Smart traffic lights could bring an end to rush hour traffic jams

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Traffic lights on the roundabout at the junction of Kingsditch Road and Tewkesbury Road part of the inner ring road in Cheltenham, Gloucestershire.

Smart traffic lights fitted with artificial intelligence could bring an end to rush hour queues across the UK.

The cutting edge technology will detect where there is heavy road use and alter traffic light patterns to ease congestion.


Milton Keynes has become the first city to reveal plans to install the AI-powered traffic lights and the city is investing £3 million in the smart technology that should start working by September 2018.

Vivacity Labs, which has developed the technology, hope the project in Milton Keynes will be the first step in creating an intelligent traffic management system that ultimately will 'talk' to driverless cars.

Currently, traffic lights across the UK run in sequences and do not react to vehicles passing through them.

Chief technology officer at Vivacity Labs, Yang Lu, told The Telegraph: "There is very limited intelligence to the current management of urban roads. Traffic lights are sequenced but rarely reactive to the levels of traffic around them. Traffic monitoring is still done manually."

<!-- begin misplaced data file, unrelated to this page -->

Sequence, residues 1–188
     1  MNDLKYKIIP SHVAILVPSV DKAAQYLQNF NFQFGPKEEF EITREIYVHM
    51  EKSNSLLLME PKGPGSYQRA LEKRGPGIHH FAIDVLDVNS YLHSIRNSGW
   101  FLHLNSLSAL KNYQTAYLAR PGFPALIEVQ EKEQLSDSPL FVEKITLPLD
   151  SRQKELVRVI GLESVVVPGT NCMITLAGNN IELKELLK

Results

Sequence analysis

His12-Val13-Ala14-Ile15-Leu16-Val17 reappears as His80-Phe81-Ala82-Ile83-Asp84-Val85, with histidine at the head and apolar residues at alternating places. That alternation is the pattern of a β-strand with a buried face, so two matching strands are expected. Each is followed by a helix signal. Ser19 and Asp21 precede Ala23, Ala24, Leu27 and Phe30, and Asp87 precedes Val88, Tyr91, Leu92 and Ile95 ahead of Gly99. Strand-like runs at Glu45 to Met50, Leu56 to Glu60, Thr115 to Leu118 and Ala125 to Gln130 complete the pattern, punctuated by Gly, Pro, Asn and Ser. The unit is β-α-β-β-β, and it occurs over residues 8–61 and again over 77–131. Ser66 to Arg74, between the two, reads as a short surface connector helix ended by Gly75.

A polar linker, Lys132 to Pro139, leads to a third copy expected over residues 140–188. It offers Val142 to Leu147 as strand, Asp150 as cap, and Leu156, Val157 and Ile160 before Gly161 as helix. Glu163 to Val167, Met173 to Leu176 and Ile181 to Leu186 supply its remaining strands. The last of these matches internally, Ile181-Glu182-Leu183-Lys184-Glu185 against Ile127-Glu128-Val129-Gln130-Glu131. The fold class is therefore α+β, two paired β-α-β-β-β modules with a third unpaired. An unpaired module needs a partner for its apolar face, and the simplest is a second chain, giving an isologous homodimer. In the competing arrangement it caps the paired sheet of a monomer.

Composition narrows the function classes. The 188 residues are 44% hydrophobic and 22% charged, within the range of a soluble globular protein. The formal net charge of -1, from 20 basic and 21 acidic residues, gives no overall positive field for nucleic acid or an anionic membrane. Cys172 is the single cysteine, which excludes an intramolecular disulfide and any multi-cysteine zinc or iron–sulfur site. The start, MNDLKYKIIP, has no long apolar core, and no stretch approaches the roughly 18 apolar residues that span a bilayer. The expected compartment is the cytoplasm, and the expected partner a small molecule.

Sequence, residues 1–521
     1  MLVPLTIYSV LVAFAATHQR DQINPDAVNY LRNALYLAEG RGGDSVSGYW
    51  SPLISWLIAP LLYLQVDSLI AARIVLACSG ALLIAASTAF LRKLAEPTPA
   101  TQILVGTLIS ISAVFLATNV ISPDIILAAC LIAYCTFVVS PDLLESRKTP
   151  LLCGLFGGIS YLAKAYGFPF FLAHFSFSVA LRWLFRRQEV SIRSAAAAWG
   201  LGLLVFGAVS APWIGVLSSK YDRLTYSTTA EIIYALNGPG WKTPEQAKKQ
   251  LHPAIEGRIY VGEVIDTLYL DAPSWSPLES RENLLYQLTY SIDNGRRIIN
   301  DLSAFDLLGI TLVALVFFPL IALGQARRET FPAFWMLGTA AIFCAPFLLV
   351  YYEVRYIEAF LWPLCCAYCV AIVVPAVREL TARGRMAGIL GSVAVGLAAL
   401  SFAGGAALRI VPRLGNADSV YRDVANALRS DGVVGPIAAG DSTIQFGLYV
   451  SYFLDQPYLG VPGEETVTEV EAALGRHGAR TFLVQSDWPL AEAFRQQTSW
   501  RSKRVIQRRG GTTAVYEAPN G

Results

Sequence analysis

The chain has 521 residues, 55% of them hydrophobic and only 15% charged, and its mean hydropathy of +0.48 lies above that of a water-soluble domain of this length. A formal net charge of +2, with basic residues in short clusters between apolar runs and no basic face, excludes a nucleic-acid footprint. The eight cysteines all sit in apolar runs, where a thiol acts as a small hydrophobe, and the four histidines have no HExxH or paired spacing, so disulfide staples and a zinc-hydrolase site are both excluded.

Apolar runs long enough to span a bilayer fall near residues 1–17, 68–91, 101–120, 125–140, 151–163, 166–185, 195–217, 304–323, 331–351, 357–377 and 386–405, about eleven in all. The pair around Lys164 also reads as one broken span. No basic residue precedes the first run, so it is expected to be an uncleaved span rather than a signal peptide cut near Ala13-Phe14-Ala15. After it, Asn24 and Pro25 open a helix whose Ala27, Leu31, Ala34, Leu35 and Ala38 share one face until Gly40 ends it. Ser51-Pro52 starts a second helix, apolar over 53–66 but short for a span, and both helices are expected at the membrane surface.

As part of the Milton Keynes project, which is benefitting from £1.7m from the Department for Business' start-up arm, Innovate UK, to roll out a city-wide sensor network, Vivacity Labs will install 2,500 AI-powered cameras into the lights to monitor traffic around the city.

The AI technology will cover a 50 square mile area and monitor major roads, junctions and car parking spaces.

In order to keep the roads flowing smoothly, the smart technology will help traffic lights prioritise ambulances, buses and cyclists.

Yu said: "The AI camera accurately identifies and reports road usage, removing the need for cumbersome manual interpretation and significantly reducing the potential for human error."

He added: "It can improve traffic today as it can be linked with existing management systems to keep vulnerable road users, such as cyclists, safe by giving priority at lights, or alter signs to direct traffic away from congestion."